Usually, the most difficult parts about getting a rap star to appear on your single is actually getting them and their label to agree to do it and then paying for it. But what do you do when you've done both of those things and the record label tries to sue you?

That's the question raised by Canadian independent rapper Jonathan Emile, who wrote an open letter addressed to Kendrick Lamar about his legal battle with Top Dawg Entertainment. Years ago, TDE agreed to let K.Dot appear on Emile's political track, "Heaven Help Dem," so long as Emile could pay the label over the course of two installments, which he did.

Emile says the trouble began when TDE wouldn't send an a capella of Kendrick's verse on the song. However, that issue now seems trivial compared to the ordeal he's gone through since. Years later, when Emile finally posted the song onto YouTube in January 2015, things took a turn for the worst when TDE CEO Anthony Tiffith told him to take down the song he'd already paid for years back.

"When we posted the song on YouTube, we received incredible press from all over the globe—major blogs, newspapers, television and more," says of the success that preceded a call from Tiffith.

He continues, "The buzz was growing just as we had hoped and I was ready to release the album, The Lover/Fighter Document LP, in time for February (Black History Month, also significant to me and the themes of my project). This prompted a call from Top Dawg himself. During the call, Top Dawg threatened that Interscope and Universal Music Group (UMG) would take down the song, he eluded to possible legal action and took a highly aggressive stance. He also threatened that I would burn my bridges with TDE and that it was bad business for me to not listen to him. It’s hip-hop, so tough talk and bullying come with the territory. I asked him, why didn’t he tell me not to release the song? He evaded. So I informed him that I had every right to have the song released and that there was nothing I could do because it was live on the internet and scheduled for iTunes release. I proposed to remove the song if I was refunded, but Top Dawg refused. I asked to speak to someone at Interscope or UMG—at this point, he became angry and yelled that he was 'the president of Top Dawg Entertainment and he has the final decision.' At that point, I said 'OK,' and informed him that I would act according to my best interest."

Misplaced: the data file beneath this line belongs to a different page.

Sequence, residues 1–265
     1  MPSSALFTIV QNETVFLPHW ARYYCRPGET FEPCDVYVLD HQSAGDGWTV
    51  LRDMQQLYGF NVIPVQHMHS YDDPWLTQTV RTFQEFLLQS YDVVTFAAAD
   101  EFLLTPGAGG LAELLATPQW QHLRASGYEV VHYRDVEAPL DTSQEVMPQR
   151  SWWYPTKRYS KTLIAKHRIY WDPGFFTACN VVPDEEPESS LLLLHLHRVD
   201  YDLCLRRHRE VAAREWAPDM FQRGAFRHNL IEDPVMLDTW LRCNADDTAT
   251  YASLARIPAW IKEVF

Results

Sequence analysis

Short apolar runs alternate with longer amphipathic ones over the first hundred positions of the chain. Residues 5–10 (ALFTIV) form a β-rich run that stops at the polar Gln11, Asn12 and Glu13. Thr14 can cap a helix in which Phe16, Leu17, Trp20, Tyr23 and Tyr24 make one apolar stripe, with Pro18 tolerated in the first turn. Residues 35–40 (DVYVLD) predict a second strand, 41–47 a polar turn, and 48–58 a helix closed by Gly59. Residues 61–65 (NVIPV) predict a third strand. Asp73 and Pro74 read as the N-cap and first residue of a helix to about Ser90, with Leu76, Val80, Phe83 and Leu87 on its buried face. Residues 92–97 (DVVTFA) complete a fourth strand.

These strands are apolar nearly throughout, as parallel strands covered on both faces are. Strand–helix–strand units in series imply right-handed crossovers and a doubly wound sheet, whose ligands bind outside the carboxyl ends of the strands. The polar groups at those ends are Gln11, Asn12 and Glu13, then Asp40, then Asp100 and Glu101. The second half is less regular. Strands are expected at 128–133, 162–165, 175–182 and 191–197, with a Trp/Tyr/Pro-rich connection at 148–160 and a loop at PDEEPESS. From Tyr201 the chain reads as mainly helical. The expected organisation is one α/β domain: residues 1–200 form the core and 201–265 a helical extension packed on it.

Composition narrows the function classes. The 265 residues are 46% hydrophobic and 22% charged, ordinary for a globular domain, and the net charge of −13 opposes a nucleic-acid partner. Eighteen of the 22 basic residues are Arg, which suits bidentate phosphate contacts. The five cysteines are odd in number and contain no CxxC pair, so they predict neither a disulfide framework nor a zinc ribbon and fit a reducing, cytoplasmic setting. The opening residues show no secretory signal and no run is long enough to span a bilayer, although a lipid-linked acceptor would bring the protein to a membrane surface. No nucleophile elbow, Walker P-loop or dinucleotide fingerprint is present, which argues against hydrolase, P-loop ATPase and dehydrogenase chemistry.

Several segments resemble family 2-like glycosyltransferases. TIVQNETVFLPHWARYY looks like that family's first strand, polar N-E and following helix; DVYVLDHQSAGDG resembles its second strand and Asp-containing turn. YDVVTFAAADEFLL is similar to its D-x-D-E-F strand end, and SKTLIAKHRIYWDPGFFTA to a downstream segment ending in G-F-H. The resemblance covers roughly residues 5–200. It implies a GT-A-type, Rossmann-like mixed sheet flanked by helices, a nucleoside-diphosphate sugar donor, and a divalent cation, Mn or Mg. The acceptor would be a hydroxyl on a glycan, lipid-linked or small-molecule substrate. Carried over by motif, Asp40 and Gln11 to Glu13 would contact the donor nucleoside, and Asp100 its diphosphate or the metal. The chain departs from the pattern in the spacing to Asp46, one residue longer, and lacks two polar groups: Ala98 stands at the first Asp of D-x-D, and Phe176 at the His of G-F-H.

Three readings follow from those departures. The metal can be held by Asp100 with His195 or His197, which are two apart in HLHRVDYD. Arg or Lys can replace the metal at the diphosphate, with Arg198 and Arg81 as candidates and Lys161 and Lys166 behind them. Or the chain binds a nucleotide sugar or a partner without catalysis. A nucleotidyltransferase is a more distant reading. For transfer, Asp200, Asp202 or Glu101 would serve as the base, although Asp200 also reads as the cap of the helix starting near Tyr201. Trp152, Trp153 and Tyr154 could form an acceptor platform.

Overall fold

Some eight days after the official release of "Heaven Help Dem," the song was taken down by Universal Music Group. The song was put back up two months later, but Emile says the damage was already done.

"People were saying I stole the verse from an old Kendrick song (not true) and all sorts of other libel against me," he says in the letter. "I was genuinely hurt. I had invested my heart and soul into this release all for it to be stripped away by Top Dawg himself. Top Dawg later confessed to my lawyer (who signed a sworn affidavit) that he personally asked Interscope and UMG to remove the song because he felt 'disrespected.' I do not believe it was honorable for me to be attacked simply because of mismanagement and lack of judgment on the part of your representatives."

Last year, Emile found a lawyer willing to work with him on the case, and a judge found that his "moral rights, copyright and integrity as a person" had been violated, but Emile claims TDE continues to fight the decision in court.

You can peep K. Dot's song with Emile below.

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